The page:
The Irish Vice-Chancellor of Oxford University has claimed that controversial statues like those of Oliver Cromwell should be spared from angry mobs.
Professor Louise Richardson, from Tramore in County Waterford, said that statues of historical figures were a part of history and used the example of Cromwell's statue in London to defend a statue of Cecil Rhodes, a hugely controversial British imperialist immortalized in bronze outside Oriel College in Oxford.
Rhodes was a white supremacist who lived in South Africa and believed that the African population was inferior to Anglo-Saxons.
He left a significant amount of money to the University of Oxford in his will from the fortune he amassed from his diamond empire. Rhodesia, now Zimbabwe, was named after him and advocates have started a "Rhodes Must Fall" campaign to remove statues of him around the world.
Campaigners have called for the removal of the statue for years and the governing body of Oriel College has recently voted to remove the statue, but Richardson believes that removing statues amounts to "hiding our history."
Richardson, however, referenced a statue of Oliver Cromwell located outside British Parliament buildings in London to defend the Cecil Rhodes statue.
“I grew up in Ireland where Oliver Cromwell to me was what Voldemort is to my children. And yet a statue of Cromwell stands outside Westminster. Does that mean it should be taken down? No," she told the Irish Times.
She said that statues were educational and a part of history, however controversial the figures were in their lifetimes.
The Oxford Vice-President was speaking at a time when angry mobs in the United Kingdom and the United States had removed statues of controversial historical figures, including Christopher Columbus and British slaver Edward Colston, during the Black Lives Matter protests.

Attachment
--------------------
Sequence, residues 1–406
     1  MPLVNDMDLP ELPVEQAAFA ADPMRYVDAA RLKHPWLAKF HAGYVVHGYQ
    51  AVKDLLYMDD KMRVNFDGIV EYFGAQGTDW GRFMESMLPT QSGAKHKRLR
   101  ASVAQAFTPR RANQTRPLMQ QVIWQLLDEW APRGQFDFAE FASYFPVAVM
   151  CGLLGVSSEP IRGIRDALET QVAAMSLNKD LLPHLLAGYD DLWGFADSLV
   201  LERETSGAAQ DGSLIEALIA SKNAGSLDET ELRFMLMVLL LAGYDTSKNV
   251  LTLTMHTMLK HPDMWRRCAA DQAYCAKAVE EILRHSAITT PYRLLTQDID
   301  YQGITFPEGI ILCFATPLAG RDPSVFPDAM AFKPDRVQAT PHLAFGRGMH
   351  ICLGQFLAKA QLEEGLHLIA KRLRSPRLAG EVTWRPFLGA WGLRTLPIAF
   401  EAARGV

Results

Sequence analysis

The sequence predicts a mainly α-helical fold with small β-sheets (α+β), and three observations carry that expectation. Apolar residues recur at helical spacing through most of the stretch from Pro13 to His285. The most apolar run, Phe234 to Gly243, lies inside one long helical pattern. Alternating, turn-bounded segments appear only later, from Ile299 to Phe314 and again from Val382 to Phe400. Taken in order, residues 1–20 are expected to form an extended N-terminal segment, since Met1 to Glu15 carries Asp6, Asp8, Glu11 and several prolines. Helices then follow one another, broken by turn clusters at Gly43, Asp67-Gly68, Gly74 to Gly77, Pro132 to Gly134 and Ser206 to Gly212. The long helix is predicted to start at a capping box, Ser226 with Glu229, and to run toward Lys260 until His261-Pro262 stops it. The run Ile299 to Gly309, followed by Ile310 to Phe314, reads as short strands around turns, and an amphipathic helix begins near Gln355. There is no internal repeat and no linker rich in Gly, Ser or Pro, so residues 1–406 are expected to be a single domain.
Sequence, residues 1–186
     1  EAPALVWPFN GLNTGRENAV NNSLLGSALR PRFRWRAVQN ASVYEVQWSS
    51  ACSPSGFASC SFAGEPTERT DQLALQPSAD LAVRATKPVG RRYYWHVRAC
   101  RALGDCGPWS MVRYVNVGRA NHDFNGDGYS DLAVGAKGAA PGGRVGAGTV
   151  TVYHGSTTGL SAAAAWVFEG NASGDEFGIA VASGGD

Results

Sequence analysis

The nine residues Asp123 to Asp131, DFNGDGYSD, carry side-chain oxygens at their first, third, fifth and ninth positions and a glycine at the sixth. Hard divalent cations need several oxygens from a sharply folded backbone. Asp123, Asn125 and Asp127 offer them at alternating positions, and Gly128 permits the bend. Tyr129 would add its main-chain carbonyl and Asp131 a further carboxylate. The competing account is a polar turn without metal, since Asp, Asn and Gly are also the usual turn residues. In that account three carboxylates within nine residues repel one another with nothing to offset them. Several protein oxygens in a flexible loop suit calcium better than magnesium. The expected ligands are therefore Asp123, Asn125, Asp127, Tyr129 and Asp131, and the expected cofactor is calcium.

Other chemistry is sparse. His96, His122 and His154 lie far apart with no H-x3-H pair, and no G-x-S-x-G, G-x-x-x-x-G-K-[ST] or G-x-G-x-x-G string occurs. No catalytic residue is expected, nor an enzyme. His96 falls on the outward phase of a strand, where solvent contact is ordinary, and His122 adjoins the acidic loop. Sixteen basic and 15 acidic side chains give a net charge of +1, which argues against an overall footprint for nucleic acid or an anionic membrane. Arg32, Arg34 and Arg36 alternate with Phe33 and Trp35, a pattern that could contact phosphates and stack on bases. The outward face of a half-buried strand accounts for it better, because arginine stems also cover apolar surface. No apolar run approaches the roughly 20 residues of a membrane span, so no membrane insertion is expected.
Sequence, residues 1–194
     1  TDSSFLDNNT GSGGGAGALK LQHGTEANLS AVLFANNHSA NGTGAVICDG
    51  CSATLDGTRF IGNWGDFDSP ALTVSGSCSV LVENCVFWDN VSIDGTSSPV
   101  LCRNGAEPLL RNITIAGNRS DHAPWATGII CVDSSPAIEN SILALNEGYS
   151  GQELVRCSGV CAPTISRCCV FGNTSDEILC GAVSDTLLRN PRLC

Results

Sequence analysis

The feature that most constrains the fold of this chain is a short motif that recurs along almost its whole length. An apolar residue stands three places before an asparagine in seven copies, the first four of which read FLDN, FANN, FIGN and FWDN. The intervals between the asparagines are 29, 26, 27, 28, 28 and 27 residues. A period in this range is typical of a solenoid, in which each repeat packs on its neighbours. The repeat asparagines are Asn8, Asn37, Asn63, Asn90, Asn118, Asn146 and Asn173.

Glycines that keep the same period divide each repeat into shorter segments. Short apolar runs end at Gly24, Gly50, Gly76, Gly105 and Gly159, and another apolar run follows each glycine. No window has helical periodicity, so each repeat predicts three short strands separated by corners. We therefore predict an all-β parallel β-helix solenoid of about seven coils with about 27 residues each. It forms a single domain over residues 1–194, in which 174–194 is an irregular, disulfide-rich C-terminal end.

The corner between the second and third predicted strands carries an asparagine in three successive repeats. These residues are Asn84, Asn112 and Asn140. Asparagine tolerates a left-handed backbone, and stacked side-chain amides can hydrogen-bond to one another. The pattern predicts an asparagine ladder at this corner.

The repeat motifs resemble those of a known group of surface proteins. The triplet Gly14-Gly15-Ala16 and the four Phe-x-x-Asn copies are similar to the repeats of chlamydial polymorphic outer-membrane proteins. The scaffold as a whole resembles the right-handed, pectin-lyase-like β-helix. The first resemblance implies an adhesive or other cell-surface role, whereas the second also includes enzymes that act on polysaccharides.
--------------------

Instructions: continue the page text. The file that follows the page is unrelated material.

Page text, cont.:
Richardson said that people can't pretend that history is different from what actually happened just because they don't agree with it.
Read more: Oliver Cromwell’s war crimes: The Sack of Wexford on this day in 1649
She said that former South African leader Nelson Mandela would not have supported the removal of Rhodes' statues.
"I think he [Mandela] was a man of deep nuance who recognized complex problems for what they were. And I don’t think he sought simplistic solutions to complex problems," she said in the Irish Times.
British Prime Minister Boris Johnson, meanwhile, also referenced the statue of Oliver Cromwell near Westminster to defend controversial statues in the face of public pressure to remove them.
In a post on his official Facebook page, Johnson attacked protesters who defaced a statue of Winston Churchill in London and said that history was a complex subject and that people could not hold historical figures to today's standards.
The British Prime Minister asked how many statues should be removed before people would be satisfied and used Cromwell as an example.
"Where will it end? Are we supposed to haul down Cromwell who killed so many thousands of people in Ireland?"
Read more: Boris Johnson says London's Oliver Cromwell statue should stay